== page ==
All the kids loved him.
He was always immaculately dressed. He had the ball and he owned a bicycle. We would fight to be the ones to push him when he was riding his bicycle. One day you’d be lucky and he’d allow you a short ride.
But that was over within f metres as we didn’t know how to ride a bicycle and he’d blacklist you for several weeks. But you’d still keep pushing hoping your luck would change. Sometimes it did, sometimes it didn’t but you’d keep pushing.
And the parents will buy him a ball almost on a monthly basis. Remember those plastic balls were weak and will puncture after some two weeks courtesy of an unclipped toenail.
The ball gave him a lot of power. He would decide when the game started and when it should end. He would pick his team, and that meant the more talented ones.
If you were not in his team you would have to huff and puff with the weaker team. He’d dribble past you and score many goals. There was a silent rule not to dispossess him and he actually thought he was the star.
Some even believed he was. Until one day a hot-head dished a scything tackle to win the ball. The Rich Kid spewed a couple of expletives that would have made expletives factories like Ice T and Easy E proud. He had immediately morphed into those niggers we saw in American movies with a rash of PG labels around the cover.
The perpetrator was immediately surrounded by a host of players - both opponents and teammates. His justification drowned amidst a welter of accusations.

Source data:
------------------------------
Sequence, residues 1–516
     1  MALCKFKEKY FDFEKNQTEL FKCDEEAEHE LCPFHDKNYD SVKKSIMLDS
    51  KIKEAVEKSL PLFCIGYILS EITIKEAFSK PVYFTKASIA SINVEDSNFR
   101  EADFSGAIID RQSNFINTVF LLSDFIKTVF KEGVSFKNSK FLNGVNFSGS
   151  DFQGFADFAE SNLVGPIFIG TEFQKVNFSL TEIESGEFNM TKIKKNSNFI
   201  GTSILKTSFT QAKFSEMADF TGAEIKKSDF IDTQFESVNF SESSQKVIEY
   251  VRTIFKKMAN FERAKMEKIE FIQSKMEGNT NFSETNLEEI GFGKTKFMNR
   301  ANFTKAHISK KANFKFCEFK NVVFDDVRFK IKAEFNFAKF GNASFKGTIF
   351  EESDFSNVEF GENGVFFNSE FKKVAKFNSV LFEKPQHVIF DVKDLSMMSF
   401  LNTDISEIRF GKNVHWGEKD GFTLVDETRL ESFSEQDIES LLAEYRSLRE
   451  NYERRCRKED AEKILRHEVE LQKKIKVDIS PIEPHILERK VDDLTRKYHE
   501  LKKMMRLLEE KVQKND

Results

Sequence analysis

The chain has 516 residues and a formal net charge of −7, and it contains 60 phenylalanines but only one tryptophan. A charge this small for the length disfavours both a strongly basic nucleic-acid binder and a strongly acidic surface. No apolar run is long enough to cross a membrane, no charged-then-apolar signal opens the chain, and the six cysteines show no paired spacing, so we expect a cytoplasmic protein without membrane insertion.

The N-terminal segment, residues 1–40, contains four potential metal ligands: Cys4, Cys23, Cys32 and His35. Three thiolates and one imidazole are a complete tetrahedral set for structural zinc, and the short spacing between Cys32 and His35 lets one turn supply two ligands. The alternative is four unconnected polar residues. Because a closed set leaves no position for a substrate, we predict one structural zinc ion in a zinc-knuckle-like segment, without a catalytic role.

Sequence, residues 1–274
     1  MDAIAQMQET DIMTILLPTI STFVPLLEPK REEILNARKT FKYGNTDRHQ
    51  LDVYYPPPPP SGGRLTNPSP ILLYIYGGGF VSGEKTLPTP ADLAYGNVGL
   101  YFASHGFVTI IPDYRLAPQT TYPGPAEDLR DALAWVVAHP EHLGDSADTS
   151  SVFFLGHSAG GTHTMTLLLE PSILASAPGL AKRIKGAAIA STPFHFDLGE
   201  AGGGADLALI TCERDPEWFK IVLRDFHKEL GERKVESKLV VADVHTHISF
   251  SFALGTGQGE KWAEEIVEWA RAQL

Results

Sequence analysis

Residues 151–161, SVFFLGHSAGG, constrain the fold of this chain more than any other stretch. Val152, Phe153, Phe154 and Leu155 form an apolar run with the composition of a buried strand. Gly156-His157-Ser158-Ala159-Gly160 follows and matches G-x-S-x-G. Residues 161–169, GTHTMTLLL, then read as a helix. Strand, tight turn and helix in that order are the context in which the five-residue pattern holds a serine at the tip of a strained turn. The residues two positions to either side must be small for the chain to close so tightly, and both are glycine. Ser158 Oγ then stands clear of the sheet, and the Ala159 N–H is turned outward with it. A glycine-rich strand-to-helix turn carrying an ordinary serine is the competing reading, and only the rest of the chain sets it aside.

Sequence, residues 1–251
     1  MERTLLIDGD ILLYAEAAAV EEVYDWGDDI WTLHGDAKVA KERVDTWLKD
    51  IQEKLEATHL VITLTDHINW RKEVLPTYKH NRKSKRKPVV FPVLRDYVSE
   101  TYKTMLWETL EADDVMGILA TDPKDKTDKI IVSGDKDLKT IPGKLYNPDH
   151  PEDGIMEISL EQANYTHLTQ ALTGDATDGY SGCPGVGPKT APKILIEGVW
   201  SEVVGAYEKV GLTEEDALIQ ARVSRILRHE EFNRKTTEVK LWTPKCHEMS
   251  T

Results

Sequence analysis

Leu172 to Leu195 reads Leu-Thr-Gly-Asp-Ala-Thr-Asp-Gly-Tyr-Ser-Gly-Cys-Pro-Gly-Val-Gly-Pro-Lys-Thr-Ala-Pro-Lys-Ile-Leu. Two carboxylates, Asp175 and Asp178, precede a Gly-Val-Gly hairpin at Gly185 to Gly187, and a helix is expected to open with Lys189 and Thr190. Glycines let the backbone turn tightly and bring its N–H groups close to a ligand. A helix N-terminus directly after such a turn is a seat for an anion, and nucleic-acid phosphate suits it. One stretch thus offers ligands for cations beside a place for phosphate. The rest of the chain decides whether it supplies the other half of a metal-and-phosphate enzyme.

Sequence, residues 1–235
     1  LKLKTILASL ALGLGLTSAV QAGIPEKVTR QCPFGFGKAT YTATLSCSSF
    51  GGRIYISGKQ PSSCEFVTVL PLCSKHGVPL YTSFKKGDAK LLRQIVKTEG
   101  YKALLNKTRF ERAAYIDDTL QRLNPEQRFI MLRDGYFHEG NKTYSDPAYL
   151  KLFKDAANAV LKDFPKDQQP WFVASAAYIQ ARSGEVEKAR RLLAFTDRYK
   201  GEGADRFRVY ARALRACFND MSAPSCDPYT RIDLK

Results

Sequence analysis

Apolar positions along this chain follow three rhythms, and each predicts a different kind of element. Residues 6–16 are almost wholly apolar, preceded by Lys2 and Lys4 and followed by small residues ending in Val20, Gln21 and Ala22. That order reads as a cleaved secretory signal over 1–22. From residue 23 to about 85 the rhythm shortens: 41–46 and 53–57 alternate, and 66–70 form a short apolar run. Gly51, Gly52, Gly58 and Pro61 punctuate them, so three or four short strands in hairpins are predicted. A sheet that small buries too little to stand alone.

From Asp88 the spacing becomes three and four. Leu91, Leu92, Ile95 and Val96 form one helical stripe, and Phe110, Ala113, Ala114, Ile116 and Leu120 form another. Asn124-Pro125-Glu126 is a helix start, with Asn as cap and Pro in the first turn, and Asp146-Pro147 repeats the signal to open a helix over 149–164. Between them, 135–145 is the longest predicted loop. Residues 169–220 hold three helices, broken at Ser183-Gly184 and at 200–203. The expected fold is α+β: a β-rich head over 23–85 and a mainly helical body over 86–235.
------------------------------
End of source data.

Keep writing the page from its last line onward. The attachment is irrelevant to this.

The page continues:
There were suggestions to banish him from playing altogether. Street justice is prompt and swift. He was soon watching from the confines of his home.
However, the tide was turning. This was the birth of the rebels. More and more players started
The rebels were steadfast and decided if the ball wasn’t there we would go with the rag ball option. It wasn’t the most ideal of options but the rebels had taken over.
His sister was a thing of beauty and always dressed in the latest fashion. Big shirt, knickerbocker, georgette. These were the rave then and she’d always be the first to wear them.
We’d marvel at this beauty. We all had a crush on her and we’d fight amongst ourselves to claim her.
She won beauty contests that she participated in. Her rivals knew they were actually fighting for second position. However, one day some brave teachers decided she wasn’t the most beautiful girl in our school and gave the crown to some rising star.
She cried for a whole week and apparently refused to eat-something which we thought wasn’t very clever. I mean who refuses to eat such good food that only a rich family can provide.
We would have perfectly understood it if she was fed porridge and cabbage like us but this would have been rice, chicken and salads.
We, the admirers, were livid. How can she not win? We started concocting conspiracy theories. The mother came to the school and there was an inquest.
The result stood. There were rumours that the entire staff will be transferred but we completed our PSLE with no single transfer. We finished our primary schooling with longer faces.
These teachers didn’t care about us and we swore to get back at them for cheating the resident beauty.
I meet the Rich Kid every now and then these days. The haughtiness is gone. The airs are gone and he’s just a part of the madding crowd.
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